in resolution because the main lobe of the spectral window
is widened in the frequency domain.
Finally, the limits of a sampled data system can be de-
scribed in terms of the maximum frequency range and mini-
mum frequency resolution. The maximum frequency range
is the Nyquist or folding frequency, fc,
fs 1
fc e e (135)
2 2Ts
where fs is the sampling frequency and Ts the sampling
period. And, secondly, the resolution limit can be described
in terms of a (DfBW) NT product where TL/H/8712 – 10
DfBW t (136)
NT The lower A and upper B limits are defined as
or nS(f)
Ae 2
(DfBW) NT t 1 (137) y n; a (142)
Statistical error is the uncertainty in power spectral density !
measurements due to the amount of data gathered, the pro- Be 2
babilistic nature of the data and the method used in deriving y n; 1 b a (143)
the desired parameter. Under reasonable conditions the 2
respectively. y n; a is defined by
spectral density estimates approximately follow a chi-
2 2
square, y n, distribution. y n is defined as the sum of the %

2 2 2
squares of yn, 1 s n s N, independent Gaussian variables y n; a e [n so that f(y n) dy n] e a (144)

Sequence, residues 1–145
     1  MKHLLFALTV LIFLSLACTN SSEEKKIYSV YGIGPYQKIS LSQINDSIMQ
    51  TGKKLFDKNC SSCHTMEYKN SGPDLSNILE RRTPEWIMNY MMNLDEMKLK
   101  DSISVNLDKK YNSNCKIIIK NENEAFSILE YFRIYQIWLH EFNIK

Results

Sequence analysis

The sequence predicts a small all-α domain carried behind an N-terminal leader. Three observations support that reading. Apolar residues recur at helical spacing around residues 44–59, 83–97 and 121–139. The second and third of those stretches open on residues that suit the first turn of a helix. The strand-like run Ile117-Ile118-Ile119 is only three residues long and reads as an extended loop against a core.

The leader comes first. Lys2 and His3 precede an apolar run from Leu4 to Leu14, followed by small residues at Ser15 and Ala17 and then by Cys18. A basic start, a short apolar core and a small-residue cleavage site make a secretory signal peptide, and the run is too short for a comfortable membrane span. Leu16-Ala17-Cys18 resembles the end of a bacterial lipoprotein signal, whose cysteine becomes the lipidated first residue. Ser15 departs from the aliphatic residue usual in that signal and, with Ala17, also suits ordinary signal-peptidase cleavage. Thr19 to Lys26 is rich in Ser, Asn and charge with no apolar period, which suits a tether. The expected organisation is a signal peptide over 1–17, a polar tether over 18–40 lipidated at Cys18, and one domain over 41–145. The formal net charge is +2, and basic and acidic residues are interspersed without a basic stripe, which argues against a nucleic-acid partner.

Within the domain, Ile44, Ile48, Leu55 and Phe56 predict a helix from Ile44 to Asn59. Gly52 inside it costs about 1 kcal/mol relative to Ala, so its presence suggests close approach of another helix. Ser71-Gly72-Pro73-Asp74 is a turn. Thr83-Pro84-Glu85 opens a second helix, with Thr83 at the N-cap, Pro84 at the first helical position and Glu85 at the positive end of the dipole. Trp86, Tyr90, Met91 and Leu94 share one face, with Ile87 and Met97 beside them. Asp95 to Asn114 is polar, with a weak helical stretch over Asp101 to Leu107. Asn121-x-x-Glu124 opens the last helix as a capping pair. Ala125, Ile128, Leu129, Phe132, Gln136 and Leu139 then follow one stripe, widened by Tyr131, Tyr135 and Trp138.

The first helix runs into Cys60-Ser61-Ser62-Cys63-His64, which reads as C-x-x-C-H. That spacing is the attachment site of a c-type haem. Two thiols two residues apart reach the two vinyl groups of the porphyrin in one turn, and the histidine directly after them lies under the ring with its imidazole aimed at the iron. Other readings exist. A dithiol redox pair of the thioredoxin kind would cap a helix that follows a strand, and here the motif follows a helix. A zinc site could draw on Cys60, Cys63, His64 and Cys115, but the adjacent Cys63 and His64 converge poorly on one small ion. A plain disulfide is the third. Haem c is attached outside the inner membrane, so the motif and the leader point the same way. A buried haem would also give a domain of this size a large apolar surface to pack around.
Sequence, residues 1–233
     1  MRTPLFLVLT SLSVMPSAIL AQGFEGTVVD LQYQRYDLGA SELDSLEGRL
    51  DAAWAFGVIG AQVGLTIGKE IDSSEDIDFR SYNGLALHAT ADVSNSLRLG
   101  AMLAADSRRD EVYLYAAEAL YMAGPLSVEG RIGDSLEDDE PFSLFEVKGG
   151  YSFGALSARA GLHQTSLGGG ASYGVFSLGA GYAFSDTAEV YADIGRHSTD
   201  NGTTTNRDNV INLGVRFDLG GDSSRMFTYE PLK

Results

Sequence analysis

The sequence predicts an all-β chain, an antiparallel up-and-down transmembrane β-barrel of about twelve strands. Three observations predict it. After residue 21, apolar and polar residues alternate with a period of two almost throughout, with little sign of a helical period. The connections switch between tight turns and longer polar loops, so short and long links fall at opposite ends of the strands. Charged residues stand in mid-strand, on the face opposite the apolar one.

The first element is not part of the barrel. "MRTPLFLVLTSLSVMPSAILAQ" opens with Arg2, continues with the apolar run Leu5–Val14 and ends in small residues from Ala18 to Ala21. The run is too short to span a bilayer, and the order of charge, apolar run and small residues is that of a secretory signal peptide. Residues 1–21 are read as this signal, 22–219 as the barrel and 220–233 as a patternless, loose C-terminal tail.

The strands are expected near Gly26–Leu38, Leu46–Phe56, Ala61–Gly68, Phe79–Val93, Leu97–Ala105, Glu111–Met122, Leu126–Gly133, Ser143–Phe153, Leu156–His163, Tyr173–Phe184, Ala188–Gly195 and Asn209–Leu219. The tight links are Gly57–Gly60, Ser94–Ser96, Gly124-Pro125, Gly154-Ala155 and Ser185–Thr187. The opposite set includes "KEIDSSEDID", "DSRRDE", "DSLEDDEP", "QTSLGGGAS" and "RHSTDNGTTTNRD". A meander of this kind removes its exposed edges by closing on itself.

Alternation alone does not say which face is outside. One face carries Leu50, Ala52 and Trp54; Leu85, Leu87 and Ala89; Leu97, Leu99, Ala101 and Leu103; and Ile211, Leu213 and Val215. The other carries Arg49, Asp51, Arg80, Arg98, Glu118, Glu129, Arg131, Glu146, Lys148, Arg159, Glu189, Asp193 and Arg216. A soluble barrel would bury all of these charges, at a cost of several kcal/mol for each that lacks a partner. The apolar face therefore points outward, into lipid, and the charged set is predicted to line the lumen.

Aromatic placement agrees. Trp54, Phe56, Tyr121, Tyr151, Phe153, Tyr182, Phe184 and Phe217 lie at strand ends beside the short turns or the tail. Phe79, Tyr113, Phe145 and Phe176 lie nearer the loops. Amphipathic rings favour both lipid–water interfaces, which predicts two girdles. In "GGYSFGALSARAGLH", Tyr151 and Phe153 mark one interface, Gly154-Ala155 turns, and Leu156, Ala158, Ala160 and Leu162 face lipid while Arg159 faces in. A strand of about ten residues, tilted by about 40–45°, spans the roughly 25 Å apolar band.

each with a zero mean and unit variance such that n
N see Figure 11 and the interval A to B is referred to as a

2 2 (138) confidence interval. From Otnes and Enrochson [Ref. (35)
yN e yn
pg. 217] the degrees of freedom can be described as
2 n e 2(DfBW) NT e 2(DfBW) PL (145)
The number n is called the degrees of freedom and the y n
probability density function is
nb2 b y 2n

Ð (
2 1 2
f( y n) e (y n) 2 f 2

2n/2C (139)
where C 2
# J is the statistical gamma function (Ref. (14)].

TL/H/8712 – 11

and that for large n i.e., n t 30 the y n distribution ap- There is thus a 95% confidence level that the true spectral
proaches a Gaussian distribution so that the standard devia- density function
S(f) lies within the interval 0.5853 S(f) s
tion or standard error, fo, can be given by S(f) s 2.08 S(f).
1 As a second example using equation (148) let T e 1 ms,
fo e (146) N e 4000 and it is desired to have (DfBW) desired e 10 Hz.
The degrees of freedom and associated standard error for Then,
the correlation and Fourier transform are as follows: NT e 4

2N m 1
correlation: n e fo e (147) fc e e 500 Hz